Decatur Mayor, School Board chair give ‘State of the City’ speechDecatur Mayor Patti Garrett gave the State of the City speech on Jan. 28. Photo by Zoe Seiler
By Zoe Seiler, contributor
Decatur Mayor Patti Garrett gave the State of the City address at the Decatur Business Association meeting on Jan. 28, at the Courtyard by Marriott Conference Center in downtown Decatur.
School Board chair Lewis Jones joined her and gave an update on the state of City Schools of Decatur.
The Thomas O. Davis Public Service Award was given to Sara Collins of the DeKalb County Public Library. Collins has worked at the library for 15 years.
This award honors a public employee who helps strengthen the bond between government and the community, contributes to the well being of the community and inspires others to get involved in public service, among other things, Decatur City Manager Andrea Arnold said.
Jones, the School Board chair, began his speech highlighting one of the best things he said the school board does, which is hiring and managing the superintendent.
“The best thing that we have done for the city of Decatur, is to find and hire and keep Dr. David Dude. Dr. Dude is in his fifth year and he’s going strong and we’re very lucky to have him,” Jones said.
He also highlighted several other accomplishments of the City Schools of Decatur.
“Our academic programs are widely respected, our athletic teams are winning, we have outstanding programs in music, drama, and the arts. We’re about to add the symphony. Our career tech academy is a model for the state. And it’s all working and the evidence is that our kids are thriving,” Jones said.
Jones talked about racial equity in the school system.
“We have serious disproportionalities both in discipline and in academic outcomes,” Jones said. “And these are tough difficult systemic problems but that’s not an excuse, and they’re not acceptable and we’re working hard to fix them.”
He again praised Dude for his work specifically on tackling this issue and said that equity is the No. 1 priority for the school board.
Jones said that almost every staff member has participated in equity training and that training is now available to the public.
“The Decatur Education Foundation is now funding this and making it available to the public at large. I can’t recommend it enough. It will change the way that you think about these issues. It did for me,” Jones said.
He encouraged anyone who is interested in signing up to visit the CSD website where there is a link to community training.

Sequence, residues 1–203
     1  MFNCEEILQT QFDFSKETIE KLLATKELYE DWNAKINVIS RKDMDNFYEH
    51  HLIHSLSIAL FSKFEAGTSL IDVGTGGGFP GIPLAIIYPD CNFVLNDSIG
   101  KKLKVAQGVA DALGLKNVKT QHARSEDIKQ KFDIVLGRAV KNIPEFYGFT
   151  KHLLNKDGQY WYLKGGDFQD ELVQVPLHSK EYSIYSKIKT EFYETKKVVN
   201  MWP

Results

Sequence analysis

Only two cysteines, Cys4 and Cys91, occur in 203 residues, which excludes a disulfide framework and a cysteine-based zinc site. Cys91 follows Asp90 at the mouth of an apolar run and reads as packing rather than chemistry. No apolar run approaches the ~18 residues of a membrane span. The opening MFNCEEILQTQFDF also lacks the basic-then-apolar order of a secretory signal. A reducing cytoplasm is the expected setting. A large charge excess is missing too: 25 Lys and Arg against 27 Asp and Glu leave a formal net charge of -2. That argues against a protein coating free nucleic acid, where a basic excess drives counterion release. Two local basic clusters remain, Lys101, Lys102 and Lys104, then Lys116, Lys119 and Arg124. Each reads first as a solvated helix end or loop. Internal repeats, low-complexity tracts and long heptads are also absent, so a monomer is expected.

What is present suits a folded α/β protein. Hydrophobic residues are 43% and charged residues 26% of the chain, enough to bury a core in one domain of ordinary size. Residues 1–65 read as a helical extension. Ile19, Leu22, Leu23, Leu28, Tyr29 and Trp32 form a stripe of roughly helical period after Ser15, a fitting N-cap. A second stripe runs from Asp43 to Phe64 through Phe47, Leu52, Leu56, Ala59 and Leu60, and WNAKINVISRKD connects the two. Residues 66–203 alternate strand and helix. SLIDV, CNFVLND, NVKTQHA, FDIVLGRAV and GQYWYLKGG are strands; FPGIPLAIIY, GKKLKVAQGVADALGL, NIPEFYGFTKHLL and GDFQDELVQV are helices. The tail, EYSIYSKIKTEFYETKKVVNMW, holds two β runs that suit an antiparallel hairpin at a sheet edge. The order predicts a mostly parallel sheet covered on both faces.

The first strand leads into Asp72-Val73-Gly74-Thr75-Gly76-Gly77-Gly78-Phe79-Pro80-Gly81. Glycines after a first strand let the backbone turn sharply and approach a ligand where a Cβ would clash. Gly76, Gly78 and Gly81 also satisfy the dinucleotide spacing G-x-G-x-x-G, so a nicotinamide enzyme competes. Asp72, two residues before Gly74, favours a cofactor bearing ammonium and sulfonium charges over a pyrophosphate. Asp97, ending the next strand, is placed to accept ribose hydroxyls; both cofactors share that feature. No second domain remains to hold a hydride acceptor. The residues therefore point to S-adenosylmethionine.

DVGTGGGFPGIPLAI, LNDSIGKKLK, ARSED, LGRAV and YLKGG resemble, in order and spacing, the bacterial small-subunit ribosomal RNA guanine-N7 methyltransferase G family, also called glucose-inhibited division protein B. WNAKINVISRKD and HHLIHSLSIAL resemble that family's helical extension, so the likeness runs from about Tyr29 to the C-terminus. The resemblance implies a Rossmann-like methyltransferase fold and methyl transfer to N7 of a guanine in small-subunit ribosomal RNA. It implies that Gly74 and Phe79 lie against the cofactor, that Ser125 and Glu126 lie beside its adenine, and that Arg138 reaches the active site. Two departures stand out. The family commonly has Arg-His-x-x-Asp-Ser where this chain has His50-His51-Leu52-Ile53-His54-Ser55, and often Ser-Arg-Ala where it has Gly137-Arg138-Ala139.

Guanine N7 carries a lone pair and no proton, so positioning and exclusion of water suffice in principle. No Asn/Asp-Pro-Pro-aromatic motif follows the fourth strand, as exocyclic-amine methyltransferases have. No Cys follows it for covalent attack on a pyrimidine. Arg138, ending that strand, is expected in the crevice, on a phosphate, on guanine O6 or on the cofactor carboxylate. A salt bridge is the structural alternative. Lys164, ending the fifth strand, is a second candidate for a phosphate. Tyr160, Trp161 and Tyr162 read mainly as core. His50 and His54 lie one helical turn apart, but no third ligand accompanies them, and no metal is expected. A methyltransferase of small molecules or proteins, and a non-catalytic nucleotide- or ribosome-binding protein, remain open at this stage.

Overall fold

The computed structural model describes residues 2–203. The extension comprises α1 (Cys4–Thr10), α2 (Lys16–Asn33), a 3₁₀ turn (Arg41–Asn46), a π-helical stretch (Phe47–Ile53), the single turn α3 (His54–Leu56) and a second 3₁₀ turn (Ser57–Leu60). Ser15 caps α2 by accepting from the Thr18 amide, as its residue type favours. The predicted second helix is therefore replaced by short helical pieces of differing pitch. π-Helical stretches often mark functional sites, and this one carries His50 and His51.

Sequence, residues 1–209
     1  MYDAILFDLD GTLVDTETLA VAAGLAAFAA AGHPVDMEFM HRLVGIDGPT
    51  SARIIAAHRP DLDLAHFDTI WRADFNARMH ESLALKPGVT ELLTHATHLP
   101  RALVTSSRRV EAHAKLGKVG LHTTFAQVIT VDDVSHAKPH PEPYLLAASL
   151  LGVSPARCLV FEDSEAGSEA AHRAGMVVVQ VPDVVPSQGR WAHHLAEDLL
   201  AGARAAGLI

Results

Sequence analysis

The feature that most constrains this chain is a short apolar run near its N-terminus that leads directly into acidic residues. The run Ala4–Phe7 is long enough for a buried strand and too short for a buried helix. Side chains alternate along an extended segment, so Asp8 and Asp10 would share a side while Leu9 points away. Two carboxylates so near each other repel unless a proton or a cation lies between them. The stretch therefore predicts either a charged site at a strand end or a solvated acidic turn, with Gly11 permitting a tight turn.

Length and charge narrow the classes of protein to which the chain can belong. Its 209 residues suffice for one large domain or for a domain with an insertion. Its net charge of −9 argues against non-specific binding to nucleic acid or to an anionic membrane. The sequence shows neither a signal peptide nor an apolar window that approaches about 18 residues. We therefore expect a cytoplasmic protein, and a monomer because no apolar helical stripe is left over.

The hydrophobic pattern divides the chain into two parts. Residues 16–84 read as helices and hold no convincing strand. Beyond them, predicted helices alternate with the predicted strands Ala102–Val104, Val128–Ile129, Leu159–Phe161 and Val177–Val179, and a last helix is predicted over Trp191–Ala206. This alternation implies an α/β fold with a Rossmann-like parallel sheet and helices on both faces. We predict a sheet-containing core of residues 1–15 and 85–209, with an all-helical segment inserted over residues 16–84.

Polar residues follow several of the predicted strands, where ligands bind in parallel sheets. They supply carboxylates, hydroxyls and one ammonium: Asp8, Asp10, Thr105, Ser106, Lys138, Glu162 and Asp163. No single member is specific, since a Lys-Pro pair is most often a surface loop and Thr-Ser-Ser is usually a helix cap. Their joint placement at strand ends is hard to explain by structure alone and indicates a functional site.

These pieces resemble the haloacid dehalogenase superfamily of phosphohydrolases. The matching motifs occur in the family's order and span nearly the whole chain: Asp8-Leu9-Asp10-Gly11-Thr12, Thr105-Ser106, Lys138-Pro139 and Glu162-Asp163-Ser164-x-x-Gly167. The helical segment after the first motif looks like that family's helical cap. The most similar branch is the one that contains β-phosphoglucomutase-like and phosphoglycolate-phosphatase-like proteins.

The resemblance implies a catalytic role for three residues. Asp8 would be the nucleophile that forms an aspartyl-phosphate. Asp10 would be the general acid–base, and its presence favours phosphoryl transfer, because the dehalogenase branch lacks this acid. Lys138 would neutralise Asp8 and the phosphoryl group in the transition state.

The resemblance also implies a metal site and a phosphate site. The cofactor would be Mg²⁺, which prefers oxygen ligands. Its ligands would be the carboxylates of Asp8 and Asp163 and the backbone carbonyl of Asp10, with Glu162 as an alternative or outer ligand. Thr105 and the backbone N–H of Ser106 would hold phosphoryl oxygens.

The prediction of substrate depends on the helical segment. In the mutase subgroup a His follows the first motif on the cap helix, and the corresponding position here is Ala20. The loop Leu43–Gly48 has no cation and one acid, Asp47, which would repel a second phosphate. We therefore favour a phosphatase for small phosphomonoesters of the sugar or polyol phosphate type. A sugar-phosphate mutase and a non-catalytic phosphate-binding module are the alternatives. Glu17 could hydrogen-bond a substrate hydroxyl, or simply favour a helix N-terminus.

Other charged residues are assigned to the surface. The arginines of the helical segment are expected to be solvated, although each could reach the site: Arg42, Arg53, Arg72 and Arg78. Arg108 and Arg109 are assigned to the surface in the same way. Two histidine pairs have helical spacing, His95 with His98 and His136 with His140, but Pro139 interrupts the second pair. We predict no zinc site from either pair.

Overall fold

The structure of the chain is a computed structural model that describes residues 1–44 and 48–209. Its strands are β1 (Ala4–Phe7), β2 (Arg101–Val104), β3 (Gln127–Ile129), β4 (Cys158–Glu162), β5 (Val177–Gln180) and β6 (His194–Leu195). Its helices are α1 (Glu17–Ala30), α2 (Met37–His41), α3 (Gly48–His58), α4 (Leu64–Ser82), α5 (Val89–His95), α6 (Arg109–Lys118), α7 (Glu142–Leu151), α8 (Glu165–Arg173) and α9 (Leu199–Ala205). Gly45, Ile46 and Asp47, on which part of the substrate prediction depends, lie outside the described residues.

Mayor Patti Garrett spoke about affordable housing, public art, the city’s nondiscrimination ordinance, strategic planning, the census and Earth Day.
She also mentioned the health of the downtown business district which has seen some businesses close. She said 19 new businesses and restaurants and one new hotel opened in the city in 2019. She said the vacancies in the downtown have increased slightly: there’s now a 6% vacancy rate compared with last year’s 3% vacancy rate.
Garrett also discussed strategic planning and projects the city is working on at Legacy Park, the former United Methodist Children’s Home property. She said the city intends to add housing options to the park, renovate existing buildings and a track and field.
The city purchased the land that is now called Legacy Park in 2017. As part of the original agreement, UMCH retained ownership of the Moore Chapel on the property, however, Garrett said that the city was recently able to purchase the chapel.
She said the chapel was not being used as UMCH thought it would be used and the chapel was offered back to the city.
“We look forward to ways that we can incorporate the chapel and its use into our community master plan. It is truly a historic gem on that property,” Garrett said.
The city of Decatur recently received the Georgia Municipal Association’s inaugural Visionary City Award and was honored by Georgia Trend Magazine along with nine other cities, Garrett said.
“The cities were honored for fostering healthy working relationships, and for making their communities places where people truly love to live and work,” she said.
Garrett also discussed the affordable housing task force and some of the things it was charged with doing.
The task force was asked to make recommendations to the Decatur City Commission and then complete a report that Garrett said will come to the City Commission soon.
“After we receive this report, our work will start. I have to say that we are excited about that work and next year there’s going to be some progress to report,” Garrett said.
She added that the city is committed to making meaningful progress related to affordable housing.
Additionally, Garrett mentioned that 2020 is the 50th anniversary of Earth Day and said the city will be celebrating with a parade, entertainment, speakers and more. The celebration is scheduled to take place on Saturday, April 18.
“I hope we not only celebrate but that we also contemplate what we can do as the city, as individuals, as homeowners, as businesses, places of worship, schools and institutions to reduce our environmental impacts. It’s important,” Garrett said.
The city is working with Agnes Scott College and other partners to create a climate resiliency plan. The city also has a goal to plant 1,000 trees by its bicentennial in 2023, Garrett said. She also said the city is working to build a network of transportation connectors to maximize the use of transit and improve opportunities for other modes of transportation.
“We know that other opportunities exist for all of us, and I look forward to seeing what comes out of the strategic plan to move us closer to achieving a goal of a healthier planet and that all of us are doing our part in that,” Garrett said. “It can’t just be the city by itself, it has to be all of the folks that I’ve mentioned before, each of us individually and as a part of our various communities.”
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